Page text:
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Coding

How to Ignore in Java

1. Ignoring Files in Version Control

If you’re using Git you can create a .gitignore file in your project’s root directory. This file specifies which files or directories Git should ignore.

Example .gitignore contents:

*.class
*.log
.settings/
target/

This ignores all .class files, log files, the .settings directory and the target directory.

2. Ignoring Test Cases

To ignore a specific test case in JUnit use the @Ignore annotation:

import org.junit.Ignore;
import org.junit.Test;

public class MyTest {
@Ignore("This test is not ready yet")
@Test
public void testNotReadyYet() {
// Test code here
}
}

3. Ignoring Compiler Warnings

To suppress specific compiler warnings use the @SuppressWarnings annotation:

@SuppressWarnings("unchecked")
public void methodWithUncheckedWarning() {
// Method implementation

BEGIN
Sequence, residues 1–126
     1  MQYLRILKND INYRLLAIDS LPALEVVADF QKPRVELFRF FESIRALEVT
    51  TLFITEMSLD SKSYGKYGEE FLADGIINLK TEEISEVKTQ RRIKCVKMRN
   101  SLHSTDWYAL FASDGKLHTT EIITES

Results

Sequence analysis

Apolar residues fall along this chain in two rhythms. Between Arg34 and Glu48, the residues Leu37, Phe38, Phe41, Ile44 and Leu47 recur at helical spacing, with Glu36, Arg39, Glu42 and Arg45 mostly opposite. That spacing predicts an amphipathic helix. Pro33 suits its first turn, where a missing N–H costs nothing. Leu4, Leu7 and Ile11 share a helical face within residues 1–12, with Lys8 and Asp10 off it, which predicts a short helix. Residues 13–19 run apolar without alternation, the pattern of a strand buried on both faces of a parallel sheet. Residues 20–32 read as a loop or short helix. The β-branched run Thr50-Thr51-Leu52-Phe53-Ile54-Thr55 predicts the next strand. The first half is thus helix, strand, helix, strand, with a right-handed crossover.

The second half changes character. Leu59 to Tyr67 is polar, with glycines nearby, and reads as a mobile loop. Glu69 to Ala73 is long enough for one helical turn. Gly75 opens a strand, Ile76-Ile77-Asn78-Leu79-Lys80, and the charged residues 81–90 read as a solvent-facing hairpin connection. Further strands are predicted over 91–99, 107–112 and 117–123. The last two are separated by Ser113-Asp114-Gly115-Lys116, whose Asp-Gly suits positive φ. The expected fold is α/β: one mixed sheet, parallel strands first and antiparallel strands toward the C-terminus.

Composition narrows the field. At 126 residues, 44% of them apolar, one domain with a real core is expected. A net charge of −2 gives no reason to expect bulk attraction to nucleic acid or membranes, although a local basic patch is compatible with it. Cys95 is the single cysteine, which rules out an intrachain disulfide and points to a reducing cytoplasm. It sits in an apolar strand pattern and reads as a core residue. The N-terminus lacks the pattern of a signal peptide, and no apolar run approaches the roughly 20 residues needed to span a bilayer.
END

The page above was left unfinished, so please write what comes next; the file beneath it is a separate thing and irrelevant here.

}

4. Ignoring Exceptions

Sometimes you will probably want to catch an exception, but not do anything with it:

try {
// Some code that throws an exception
} catch (SomeException e) {
// Intentionally empty to ignore the exception
}

It’s definitely better to at least log the exception so remember that:

try {
// Some code that might throw an exception
} catch (SomeException e) {
logger.warn("Exception occurred", e);
}

5. Ignoring Unused Variables

If you have a variable that you need to declare but don’t use, prefix it with an underscore to indicate it is intentionally unused:

public void someMethod(String _unusedParam) {
// Method implementation
}

6. Ignoring IDE Warnings

Most IDEs allow you to suppress specific warnings. In IntelliJ IDEA for example you can use:

@SuppressWarnings("IntelliJ-specific-warning")

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